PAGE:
In the wake of recent flooding disasters, a nation already reeling from its losses suddenly faces extreme spikes in insurance premiums.

NAR

In response to events like Hurricane Sandy, a law called the Biggert-Waters Flood Insurance Reform Act of 2012 (BW-12) implemented new legislation in effort to decrease the $25 billion deficit of the National Flood Insurance Program. Most notably this began by phasing out subsidized rates for older properties in flood zones.

Before BW-12, program shutdowns were costing up to 40,000 home sales each month in high-risk areas nationwide. While the National Association of Realtors is grateful that this is no longer the case, NAR president Gary Thomas noted that there are still major issues with the legislation: "Unfortunately, implementation of the new rate structures in BW-12 has caused serious confusion and hardship for some property owners. FEMA's continued delays and missed deadlines, in combination with the legally required transition to true-risk rates, has been a recipe for disaster."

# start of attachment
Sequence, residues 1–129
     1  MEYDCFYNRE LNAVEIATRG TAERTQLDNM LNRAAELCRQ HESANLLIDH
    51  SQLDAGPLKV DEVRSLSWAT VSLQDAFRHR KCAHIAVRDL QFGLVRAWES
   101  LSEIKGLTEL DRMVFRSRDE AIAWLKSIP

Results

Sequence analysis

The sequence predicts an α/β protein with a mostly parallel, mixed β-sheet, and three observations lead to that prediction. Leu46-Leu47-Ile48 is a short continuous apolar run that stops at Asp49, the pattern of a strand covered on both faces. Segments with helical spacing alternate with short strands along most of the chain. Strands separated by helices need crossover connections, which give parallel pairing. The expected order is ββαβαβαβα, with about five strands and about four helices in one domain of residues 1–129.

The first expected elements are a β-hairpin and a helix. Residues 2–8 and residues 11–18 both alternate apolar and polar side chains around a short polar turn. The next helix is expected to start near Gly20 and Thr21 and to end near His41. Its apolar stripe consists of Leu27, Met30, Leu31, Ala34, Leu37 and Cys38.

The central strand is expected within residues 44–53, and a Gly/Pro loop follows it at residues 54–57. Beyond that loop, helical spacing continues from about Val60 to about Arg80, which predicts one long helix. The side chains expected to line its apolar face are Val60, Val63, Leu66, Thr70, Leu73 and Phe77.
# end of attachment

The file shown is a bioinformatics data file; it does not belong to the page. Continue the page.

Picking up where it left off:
These drastic increases in insurance rates threaten the financial stability and future re-sale of the affected citizens' homes. To combat these changes, the bipartisan "Homeowner Flood Insurance Affordability Act" was recently introduced in the Senate. Thomas explains, "The bill takes the crucial first step toward delaying further implementation of some rate increases in the Biggert-Waters Flood Insurance Reform Act of 2012. This will allow the Federal Emergency Management Agency (FEMA) to complete an affordability study that was mandated by BW-12, propose targeted regulations to address any affordability issues found in the study, and give Congress adequate time to review those regulations."

For more information on flood insurance rates affecting property value, click here.

For more information on the Homeowner Flood Insurance Affordability Act, click here.

Comment